UBC Theses and Dissertations

UBC Theses Logo

UBC Theses and Dissertations

Socioeconomic status and the career plans of grade 12 girls Hannah, Jo-Ann Shelley


One hundred and sixty-nine Grade 12 girls completed a questionnaire on career plans. The questionnaire surveyed job choices, education, and family plans. The Self-efficacy Instrument was developed to measure self-efficacy for jobs of different prestige levels and gender compositions. It was hypothesized that the girls' career plans would differ according to socioeconomic status (SES) background. Using Blishen and Carroll's (1978) socioeconomic status index to rate the occupations of the participants' parents, the girls were divided into three SES groups: high (N = 48), moderate (N = 51), and low (N = 70). Analyses of variance and post hoc comparisons revealed that high SES girls differed from low SES girls in several aspects. High SES girls chose jobs at a higher prestige level, chose more nontraditional jobs, and planned to complete higher levels of education. On the Self-efficacy Instrument high SES girls expressed greater self-efficacy for high prestige jobs than did low SES girls. Moderate SES girls tended to be in between the two groups and did not differ significantly from either group. The differences in career plans according to SES background have implications for educators. Career programs designed to advance the status of women in the labour force have often encouraged girls to enter nontraditional jobs at the high prestige level. These programs may not be useful to low SES girls. Alternative programs are discussed in reference to the findings of the present study.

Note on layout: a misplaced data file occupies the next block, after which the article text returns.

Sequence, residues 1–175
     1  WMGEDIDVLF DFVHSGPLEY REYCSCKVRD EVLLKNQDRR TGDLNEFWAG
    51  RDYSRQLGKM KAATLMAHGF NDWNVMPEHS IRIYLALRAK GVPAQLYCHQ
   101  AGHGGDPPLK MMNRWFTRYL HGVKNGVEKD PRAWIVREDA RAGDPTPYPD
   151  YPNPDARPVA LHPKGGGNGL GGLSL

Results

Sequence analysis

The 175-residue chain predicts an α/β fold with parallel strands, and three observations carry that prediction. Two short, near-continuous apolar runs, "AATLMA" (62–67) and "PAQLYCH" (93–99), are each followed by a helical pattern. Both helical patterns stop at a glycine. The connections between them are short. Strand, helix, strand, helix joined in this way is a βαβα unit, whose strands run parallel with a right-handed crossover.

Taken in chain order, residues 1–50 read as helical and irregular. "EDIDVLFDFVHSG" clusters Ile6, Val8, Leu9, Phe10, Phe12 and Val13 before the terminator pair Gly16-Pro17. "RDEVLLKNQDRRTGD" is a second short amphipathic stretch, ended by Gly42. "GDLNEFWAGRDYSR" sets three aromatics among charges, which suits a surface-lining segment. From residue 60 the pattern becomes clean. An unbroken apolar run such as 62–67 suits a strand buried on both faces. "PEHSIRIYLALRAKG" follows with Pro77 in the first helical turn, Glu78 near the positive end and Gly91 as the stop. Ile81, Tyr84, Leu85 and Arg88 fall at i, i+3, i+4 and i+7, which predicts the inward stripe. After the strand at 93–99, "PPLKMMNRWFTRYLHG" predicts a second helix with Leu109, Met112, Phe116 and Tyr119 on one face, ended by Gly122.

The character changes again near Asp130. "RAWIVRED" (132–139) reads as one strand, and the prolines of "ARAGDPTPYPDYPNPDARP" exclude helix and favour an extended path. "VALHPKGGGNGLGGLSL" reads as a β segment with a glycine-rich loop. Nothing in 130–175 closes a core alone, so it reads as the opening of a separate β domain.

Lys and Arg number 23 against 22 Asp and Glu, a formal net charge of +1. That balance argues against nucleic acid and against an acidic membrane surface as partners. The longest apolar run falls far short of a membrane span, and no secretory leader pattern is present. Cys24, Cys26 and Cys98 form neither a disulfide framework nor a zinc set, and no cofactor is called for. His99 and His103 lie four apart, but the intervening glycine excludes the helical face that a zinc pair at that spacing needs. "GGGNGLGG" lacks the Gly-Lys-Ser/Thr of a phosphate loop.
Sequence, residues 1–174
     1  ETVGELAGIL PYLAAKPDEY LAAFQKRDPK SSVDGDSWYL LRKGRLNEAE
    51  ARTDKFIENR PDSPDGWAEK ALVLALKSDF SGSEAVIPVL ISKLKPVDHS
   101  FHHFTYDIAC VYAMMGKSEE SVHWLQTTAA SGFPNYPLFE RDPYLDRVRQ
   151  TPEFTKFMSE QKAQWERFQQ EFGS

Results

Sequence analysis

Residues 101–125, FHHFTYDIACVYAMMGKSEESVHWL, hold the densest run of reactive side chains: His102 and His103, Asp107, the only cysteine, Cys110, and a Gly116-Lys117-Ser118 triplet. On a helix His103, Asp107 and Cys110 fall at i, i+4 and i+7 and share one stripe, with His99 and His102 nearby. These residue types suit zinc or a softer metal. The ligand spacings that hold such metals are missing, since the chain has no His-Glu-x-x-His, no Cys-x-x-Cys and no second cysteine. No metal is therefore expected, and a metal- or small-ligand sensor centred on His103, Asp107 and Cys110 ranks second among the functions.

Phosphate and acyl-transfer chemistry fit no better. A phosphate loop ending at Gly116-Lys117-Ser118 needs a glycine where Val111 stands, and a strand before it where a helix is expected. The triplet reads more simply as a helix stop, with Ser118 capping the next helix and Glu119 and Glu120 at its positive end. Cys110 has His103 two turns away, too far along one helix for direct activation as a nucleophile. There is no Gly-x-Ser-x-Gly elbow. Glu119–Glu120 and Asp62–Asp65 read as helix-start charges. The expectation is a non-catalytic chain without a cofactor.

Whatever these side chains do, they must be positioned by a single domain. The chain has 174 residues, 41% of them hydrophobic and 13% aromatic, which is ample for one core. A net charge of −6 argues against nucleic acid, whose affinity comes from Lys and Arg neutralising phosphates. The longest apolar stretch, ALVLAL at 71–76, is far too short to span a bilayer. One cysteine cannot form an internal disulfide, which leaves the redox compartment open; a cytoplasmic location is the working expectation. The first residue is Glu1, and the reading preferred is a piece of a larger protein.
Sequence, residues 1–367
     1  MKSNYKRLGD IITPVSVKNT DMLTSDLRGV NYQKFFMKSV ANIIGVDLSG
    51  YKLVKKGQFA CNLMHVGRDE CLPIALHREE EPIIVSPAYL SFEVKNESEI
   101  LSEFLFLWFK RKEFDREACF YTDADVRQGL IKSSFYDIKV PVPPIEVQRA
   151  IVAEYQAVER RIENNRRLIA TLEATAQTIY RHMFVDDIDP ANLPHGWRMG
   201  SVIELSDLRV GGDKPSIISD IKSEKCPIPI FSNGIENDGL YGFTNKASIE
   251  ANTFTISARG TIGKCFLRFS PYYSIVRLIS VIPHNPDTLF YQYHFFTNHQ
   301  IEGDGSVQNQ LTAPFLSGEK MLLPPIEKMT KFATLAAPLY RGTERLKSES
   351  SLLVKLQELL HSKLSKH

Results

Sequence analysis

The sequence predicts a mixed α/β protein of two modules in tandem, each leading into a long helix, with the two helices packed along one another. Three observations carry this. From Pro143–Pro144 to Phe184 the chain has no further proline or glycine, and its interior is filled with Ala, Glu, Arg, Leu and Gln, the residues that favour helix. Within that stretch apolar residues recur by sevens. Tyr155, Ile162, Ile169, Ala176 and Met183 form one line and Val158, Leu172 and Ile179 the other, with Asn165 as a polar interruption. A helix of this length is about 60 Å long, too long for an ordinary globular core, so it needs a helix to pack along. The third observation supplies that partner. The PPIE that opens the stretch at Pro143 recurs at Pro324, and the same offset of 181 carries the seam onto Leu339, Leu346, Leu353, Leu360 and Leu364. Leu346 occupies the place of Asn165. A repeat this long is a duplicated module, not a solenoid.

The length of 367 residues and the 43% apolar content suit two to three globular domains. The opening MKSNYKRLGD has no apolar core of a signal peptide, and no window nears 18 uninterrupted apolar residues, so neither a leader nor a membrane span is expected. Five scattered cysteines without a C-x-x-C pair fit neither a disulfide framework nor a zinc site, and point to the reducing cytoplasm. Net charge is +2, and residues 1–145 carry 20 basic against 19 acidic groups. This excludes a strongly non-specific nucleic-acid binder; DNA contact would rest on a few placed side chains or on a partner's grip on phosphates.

Item Media

Item Citations and Data


For non-commercial purposes only, such as research, private study and education. Additional conditions apply, see Terms of Use https://open.library.ubc.ca/terms_of_use.